From here, he then widens his viewpoint to look at contradictions between the Synoptic gospels (Matthew, Mark & Luke), though he acknowledges at the start that there are so many “supposed” contradictions that he doesn’t have space to address them all. This is a little more reasonable than the previous section, particularly when one takes into account redaction criticism. The main argument is that if you accept that the gospels do not necessarily contain verbatim testimonies then to say “Jesus said x” may still be an honest and reliable account of the message he conveyed.

Central to Blomberg’s argument is to compare the multiple accounts of Jesus’ life to multiple accounts of other historical events and persons. Where there are summaries or apparent omissions, Blomberg challenges the critical reader to consider whether the gospels are often judged more harshly than other historical works. In particular, he argues that we ought to try and view the gospels through the eyes of early historians, rather than apply 20th/21st century historical analysis to a context where it does not belong.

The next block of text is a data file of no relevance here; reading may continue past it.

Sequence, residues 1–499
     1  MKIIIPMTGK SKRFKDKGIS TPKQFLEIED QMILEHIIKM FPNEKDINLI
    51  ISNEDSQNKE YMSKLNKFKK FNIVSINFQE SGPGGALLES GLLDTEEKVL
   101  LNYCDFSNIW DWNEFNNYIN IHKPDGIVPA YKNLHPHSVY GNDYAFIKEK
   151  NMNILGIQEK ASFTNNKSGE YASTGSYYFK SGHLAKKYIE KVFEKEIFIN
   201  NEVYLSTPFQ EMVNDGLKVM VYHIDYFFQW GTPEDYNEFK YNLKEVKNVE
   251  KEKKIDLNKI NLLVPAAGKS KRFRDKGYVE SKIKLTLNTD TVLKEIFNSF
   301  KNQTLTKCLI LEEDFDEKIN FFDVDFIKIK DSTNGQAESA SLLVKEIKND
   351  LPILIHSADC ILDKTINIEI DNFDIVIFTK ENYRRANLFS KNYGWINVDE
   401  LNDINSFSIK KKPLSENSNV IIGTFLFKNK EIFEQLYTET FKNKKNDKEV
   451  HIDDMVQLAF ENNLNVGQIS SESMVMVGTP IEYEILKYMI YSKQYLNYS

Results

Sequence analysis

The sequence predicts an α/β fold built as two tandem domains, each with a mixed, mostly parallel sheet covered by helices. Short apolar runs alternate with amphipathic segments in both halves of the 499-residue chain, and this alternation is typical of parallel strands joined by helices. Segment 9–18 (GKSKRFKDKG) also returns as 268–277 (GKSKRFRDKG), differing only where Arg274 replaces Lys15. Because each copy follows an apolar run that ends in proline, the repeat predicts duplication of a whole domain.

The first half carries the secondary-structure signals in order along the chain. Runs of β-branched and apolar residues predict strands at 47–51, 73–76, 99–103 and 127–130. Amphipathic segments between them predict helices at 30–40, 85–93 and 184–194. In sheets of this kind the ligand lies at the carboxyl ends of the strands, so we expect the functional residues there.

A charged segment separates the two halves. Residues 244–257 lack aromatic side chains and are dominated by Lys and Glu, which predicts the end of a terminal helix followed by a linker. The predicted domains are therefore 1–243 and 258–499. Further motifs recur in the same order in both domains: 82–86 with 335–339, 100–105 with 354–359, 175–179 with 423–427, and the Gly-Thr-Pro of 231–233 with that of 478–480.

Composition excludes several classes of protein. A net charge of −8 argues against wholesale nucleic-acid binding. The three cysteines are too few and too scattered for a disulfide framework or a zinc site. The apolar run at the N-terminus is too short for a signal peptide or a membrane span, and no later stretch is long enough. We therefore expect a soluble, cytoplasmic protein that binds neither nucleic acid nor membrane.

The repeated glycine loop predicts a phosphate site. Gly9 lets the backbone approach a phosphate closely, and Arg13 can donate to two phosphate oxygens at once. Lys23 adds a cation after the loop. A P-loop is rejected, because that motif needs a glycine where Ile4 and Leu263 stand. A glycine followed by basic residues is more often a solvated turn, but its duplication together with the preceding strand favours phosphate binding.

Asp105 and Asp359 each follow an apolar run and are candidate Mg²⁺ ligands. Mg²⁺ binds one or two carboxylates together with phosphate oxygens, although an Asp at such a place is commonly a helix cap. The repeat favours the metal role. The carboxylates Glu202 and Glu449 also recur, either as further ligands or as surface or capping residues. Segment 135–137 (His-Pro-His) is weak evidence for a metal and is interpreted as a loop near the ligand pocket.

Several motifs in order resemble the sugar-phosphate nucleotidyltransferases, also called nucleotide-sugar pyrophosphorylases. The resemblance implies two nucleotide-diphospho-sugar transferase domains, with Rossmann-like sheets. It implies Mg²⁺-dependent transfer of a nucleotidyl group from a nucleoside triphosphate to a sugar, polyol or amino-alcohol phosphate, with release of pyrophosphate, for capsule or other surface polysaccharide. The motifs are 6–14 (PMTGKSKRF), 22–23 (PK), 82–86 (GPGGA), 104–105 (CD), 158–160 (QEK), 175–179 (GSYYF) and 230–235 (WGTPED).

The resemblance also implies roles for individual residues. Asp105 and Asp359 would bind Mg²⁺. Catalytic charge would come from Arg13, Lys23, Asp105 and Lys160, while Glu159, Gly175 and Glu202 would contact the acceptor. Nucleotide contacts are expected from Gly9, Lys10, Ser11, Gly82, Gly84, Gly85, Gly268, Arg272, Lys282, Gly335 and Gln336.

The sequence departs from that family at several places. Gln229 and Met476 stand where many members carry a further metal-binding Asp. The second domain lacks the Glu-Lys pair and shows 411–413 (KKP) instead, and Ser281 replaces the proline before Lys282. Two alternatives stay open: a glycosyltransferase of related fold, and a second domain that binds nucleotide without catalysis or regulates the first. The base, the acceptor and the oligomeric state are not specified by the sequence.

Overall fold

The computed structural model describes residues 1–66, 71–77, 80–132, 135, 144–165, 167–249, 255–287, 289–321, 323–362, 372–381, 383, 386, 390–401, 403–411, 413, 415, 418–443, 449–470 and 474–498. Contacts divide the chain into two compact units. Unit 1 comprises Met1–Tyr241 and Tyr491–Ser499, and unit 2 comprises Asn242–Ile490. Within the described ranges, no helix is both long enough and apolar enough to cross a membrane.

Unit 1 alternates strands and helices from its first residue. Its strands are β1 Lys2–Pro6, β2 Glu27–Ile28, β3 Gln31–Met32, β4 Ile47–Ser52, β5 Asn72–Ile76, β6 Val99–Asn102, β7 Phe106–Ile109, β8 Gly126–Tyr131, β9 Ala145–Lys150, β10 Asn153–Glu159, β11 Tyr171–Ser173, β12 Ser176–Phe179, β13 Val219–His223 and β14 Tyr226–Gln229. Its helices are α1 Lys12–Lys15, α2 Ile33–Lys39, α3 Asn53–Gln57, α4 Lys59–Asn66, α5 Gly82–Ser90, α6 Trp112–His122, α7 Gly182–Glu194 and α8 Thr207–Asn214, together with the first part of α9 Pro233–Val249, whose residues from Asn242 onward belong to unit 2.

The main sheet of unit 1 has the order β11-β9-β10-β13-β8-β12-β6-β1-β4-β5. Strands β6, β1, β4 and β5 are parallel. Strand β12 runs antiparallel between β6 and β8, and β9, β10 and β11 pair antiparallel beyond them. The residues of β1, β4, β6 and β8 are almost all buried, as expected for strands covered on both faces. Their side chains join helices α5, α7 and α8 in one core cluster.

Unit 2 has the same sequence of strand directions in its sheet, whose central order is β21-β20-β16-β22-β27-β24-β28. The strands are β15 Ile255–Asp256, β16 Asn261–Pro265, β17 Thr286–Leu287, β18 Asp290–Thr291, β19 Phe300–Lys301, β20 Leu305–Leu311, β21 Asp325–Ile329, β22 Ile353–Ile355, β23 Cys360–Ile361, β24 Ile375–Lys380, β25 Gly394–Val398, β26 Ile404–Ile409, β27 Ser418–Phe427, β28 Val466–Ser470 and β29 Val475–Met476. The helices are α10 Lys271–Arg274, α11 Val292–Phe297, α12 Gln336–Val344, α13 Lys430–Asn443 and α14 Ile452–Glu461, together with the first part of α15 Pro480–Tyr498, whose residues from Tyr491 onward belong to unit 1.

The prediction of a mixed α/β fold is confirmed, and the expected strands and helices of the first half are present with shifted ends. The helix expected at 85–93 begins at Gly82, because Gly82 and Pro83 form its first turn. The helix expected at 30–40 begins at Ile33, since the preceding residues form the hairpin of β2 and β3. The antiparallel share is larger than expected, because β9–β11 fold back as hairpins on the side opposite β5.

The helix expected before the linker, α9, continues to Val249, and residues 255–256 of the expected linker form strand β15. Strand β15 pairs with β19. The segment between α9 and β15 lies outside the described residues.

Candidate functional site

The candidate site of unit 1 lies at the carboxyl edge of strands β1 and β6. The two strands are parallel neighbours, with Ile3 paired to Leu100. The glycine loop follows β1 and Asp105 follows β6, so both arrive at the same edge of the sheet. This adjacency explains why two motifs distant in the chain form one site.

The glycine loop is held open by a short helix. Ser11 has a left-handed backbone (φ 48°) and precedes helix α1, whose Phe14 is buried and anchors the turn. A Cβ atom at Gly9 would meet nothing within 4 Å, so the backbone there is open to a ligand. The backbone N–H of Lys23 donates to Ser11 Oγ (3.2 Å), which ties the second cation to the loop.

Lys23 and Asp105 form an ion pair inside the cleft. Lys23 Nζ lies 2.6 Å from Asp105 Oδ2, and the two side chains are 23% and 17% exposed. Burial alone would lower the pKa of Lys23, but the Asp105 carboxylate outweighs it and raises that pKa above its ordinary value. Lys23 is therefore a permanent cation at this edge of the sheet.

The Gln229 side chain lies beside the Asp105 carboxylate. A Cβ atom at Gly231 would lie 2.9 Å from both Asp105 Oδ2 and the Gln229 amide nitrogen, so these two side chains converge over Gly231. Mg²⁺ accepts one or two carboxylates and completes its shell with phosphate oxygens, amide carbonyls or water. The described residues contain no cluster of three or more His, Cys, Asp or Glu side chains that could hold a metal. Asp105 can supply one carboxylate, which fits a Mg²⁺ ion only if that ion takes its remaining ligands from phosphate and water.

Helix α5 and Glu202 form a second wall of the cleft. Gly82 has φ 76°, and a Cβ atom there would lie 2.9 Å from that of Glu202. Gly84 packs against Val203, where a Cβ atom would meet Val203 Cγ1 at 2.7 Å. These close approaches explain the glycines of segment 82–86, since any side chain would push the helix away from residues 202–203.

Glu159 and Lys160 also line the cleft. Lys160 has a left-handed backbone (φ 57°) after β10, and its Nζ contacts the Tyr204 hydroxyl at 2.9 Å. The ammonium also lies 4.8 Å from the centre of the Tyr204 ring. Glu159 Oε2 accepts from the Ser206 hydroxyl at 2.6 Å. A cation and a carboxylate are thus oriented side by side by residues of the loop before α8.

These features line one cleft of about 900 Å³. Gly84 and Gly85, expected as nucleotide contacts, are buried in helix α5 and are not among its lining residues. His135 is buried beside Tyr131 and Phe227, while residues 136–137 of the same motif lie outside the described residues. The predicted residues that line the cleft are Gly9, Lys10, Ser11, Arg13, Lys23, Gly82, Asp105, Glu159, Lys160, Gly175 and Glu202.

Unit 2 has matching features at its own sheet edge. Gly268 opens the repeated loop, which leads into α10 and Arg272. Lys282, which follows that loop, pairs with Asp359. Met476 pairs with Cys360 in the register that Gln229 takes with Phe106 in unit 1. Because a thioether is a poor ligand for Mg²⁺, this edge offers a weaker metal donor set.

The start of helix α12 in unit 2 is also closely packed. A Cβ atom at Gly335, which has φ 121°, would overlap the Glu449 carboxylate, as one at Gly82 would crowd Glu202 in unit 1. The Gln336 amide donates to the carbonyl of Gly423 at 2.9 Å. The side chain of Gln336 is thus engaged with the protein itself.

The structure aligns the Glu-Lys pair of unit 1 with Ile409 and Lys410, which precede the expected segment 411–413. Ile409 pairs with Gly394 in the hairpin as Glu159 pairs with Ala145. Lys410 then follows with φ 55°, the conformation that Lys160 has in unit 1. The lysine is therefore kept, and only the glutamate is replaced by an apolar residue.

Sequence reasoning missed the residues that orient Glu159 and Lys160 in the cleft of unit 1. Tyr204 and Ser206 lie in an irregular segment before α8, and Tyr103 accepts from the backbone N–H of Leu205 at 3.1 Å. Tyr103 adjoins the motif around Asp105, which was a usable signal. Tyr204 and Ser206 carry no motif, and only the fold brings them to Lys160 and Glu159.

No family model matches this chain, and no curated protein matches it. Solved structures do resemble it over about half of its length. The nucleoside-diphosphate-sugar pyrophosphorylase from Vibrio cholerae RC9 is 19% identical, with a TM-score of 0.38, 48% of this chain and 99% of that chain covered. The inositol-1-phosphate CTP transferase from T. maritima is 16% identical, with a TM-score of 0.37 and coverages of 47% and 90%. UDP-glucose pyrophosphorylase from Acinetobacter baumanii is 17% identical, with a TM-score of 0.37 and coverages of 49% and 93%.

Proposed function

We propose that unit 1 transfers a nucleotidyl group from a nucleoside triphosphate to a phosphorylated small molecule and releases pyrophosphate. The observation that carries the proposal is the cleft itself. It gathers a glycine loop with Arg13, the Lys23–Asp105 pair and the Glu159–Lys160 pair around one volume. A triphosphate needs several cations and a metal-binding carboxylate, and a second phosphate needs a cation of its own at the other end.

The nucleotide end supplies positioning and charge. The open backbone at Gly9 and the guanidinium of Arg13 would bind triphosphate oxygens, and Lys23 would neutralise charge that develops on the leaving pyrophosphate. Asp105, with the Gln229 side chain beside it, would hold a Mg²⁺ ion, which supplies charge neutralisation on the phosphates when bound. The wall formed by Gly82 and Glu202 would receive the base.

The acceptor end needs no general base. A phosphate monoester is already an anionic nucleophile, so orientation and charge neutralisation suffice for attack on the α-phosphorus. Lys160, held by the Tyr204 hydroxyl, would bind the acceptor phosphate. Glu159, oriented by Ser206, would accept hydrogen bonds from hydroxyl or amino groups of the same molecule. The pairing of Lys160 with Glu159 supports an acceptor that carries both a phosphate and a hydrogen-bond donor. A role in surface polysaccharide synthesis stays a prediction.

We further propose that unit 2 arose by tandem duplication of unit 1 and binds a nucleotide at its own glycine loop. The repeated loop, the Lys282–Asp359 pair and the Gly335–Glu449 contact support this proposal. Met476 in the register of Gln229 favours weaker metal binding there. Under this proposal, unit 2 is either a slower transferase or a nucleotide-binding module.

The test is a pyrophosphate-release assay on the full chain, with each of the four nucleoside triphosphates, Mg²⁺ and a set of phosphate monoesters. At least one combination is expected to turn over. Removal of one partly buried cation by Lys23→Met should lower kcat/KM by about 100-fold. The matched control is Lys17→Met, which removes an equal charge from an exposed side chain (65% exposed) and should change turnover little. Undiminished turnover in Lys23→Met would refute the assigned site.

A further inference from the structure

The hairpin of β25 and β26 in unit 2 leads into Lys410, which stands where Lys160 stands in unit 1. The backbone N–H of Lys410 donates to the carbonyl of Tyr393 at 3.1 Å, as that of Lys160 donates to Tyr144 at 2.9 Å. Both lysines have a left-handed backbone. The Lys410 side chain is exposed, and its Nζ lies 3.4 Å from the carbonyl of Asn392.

Moving on from the Synoptics, he goes on to look at the specific case of the gospel of John. This is by far the most slippery of the gospels, when it comes to historicity. It seems to me a fairly common consensus that John was the last of the gospels to be written, and is the most “theologically biased.” In this, my opinion has generally been that the author of John’s gospel has been more of a portrait painter, whereas the Synoptic authors were trying to be more like photographers. So John has more character fleshing out the work, at the expense of strict historicity. Blomberg’s analysis seems to try to reconcile this view with his hypothesis that the gospel is also historically accurate. In this, though, he seems to come rather unstuck. He resorts to rhetorical flourishes at the end of his sections which give a far more firm conclusion than his own analysis allows for, which rather frustrated me as a reader. He tries to wriggle through arguments, rather than accepting what seems, to me at least, to be a far more reasonable conclusion that the gospel of John actually has some inconsistencies with the Synoptics. This is probably best demonstrated by Blomberg’s own words: